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Arch Linux Post Install Steps

This is part two of the Arch Linux installation series. Part 1 describes the base installation on UEFI systems. The third part deals with getting the graphical environment running.

Customization is at the heart of Arch Linux. There's more then one way to do almost anything, more then one package for the job and no one configuration is the right way to do it. Everything I share in this article is my way of doing things. Be inspired by my choices and improve upon them to fit your own needs.

Tools and toys

Arch Linux comes with a minimal package selection. Everything else, even vim, needs to be specifically added by the user. Unsurprisingly, this is my first step after every successful core installation. I've split the command into two. One with highly recommended packages most people will fine useful. The second command is flavored by my own preferences.

# Make sure you're up to date
pacman -Syu

# Highly recommended
pacman -S sudo unzip unrar wget curl parted xfsprogs jfsutils ntfs-3g exfat-utils openbsd-netcat htop lsof squashfs-tools tree cryfs encfs vim ethtool man

# Flavored by my own preferences
pacman -S emacs-nox mlocate tmux mc git pwgen links lftp sshfs nmap hping subversion tcpdump hexedit yarn mutt sshfs aria2 aspell-en aspell-de aspell-fr ranger zsh git-crypt

Optional: Set your default editor:

# For vim users
echo EDITOR=vim >> /etc/environment

# For emacs users
echo EDITOR=emacs >> /etc/environment

Use page keys for bash history

By default Arch Linux uses the page-up and page-down keys to jump to the beginning or end of the bash history. Not sure what good that would ever do. I find these keys much more useful to search back and forth in your bash history.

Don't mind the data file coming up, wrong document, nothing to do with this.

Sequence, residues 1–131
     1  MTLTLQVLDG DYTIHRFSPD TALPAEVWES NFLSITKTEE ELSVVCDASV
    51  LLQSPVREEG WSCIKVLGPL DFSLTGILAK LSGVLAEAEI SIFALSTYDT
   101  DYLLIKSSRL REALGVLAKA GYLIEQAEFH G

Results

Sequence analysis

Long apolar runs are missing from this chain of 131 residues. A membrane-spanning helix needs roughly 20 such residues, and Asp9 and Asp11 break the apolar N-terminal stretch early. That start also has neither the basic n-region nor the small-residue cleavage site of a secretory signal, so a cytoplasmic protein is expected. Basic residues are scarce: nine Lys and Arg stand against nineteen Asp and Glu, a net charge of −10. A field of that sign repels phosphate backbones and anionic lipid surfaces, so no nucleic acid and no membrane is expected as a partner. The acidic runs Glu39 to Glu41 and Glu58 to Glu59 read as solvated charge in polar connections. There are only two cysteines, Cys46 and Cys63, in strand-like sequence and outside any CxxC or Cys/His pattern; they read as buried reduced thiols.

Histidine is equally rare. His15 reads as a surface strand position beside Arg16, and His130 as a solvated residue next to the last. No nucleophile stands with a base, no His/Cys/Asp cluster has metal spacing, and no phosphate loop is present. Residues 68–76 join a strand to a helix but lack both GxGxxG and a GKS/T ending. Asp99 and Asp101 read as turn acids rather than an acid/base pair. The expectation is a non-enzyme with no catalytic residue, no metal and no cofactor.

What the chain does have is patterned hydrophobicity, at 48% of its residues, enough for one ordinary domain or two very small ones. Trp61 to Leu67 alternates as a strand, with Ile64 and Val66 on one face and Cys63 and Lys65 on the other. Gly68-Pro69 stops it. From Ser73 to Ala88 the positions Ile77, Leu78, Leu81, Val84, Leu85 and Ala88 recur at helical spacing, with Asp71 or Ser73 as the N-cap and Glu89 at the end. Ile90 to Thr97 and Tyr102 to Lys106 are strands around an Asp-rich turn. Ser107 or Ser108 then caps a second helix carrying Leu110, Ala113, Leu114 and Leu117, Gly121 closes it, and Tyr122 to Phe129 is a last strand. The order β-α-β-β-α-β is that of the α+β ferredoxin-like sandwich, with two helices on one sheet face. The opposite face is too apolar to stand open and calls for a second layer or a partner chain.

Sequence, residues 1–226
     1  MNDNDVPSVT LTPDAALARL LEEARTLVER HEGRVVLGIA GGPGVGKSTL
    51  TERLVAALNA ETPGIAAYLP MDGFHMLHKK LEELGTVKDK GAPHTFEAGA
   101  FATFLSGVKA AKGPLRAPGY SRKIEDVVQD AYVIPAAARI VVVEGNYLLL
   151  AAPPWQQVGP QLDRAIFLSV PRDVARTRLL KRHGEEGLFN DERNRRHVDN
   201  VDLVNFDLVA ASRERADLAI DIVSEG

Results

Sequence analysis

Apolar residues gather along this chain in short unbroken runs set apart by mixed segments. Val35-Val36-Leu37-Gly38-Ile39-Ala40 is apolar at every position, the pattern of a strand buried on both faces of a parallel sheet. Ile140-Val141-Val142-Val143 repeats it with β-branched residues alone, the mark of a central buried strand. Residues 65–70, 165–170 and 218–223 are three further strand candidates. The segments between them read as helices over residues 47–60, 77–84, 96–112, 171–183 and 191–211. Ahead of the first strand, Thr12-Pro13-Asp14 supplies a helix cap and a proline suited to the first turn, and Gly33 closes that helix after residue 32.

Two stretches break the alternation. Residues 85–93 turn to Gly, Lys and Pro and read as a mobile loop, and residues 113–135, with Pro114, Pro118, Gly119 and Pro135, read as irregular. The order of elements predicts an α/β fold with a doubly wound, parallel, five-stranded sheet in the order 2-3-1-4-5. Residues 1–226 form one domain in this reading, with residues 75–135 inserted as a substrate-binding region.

For example, if I enter emacs and then use page-up I expect to see all my commands beginning with emacs, like emacs /etc/fstab.

The following snipped enables this behavior:

sed -i 's/\"\\e\[5\~\": beginning-of-history/\"\\e\[5\~\": history-search-backward/g' /etc/inputrc
sed -i 's/\"\\e\[6\~\": end-of-history/\"\\e\[6\~\": history-search-forward/g' /etc/inputrc

Defining admin user with sudo

This optional step gives your regular user root access with or without the root password when using sudo.

Example requiring user password:

echo "myuser  ALL=(ALL)" > /etc/sudoers.d/myuser
chmod 440 /etc/sudoers.d/myuser

Example requiring no password (less secure):

echo "myuser  ALL=(ALL)       NOPASSWD: ALL" > /etc/sudoers.d/myuser
chmod 440 /etc/sudoers.d/myuser

Enable SSH Agent for your user

Important: This step is executed by the user, not root.

Enabling the SSH user for your user removes the need to enter your SSH key passwords every time you use them. Instead use them once and the Agent keeps the key active after that.

The following steps make sure that the agent starts through a systemd user service.

mkdir -p ~/.config/systemd/user

echo -e "[Unit]
Description=SSH key agent

ExecStart=/usr/bin/ssh-agent -D -a \$SSH_AUTH_SOCK

WantedBy=default.target" > ~/.config/systemd/user/ssh-agent.service

echo "SSH_AUTH_SOCK DEFAULT=\"${XDG_RUNTIME_DIR}/ssh-agent.socket\"" >> ~/.pam_environment

systemctl --user daemon-reload
systemctl --user start ssh-agent.service
systemctl --user enable ssh-agent.service

Install yay package manager

Arch Linux has two package repositories. The official one used by pacman and the Arch user repository (AUR). The latter isn't included into pacman.

The official repositories contain a huge collection of packages. Access to the AUR isn't a requirement to use Arch Linux. However I often use software less mainstream. Installing it through the AUR instead of manually I save time and the package becomes part of the rolling updates whenever the become available.

yay works just like pacman with the exception that it gives you access to AUR packages. It resolves dependencies and keeps track of the packages. Using the AUR manually these points can become time consuming tasks.

Installing yay is easy. Run:

cd /tmp
git clone https://aur.archlinux.org/yay.git
cd /tmp/yay

makepkg -si

cd /tmp
rm -rf /tmp/yay

Run yay as regular user. Running it as root isn't recommended and won't work.

Be aware that yay doesn't just use AUR repositories. It pulls from all repositories alike. Once you use yay you'll likely not use pacman again.

Check out the yay repository to learn more about it.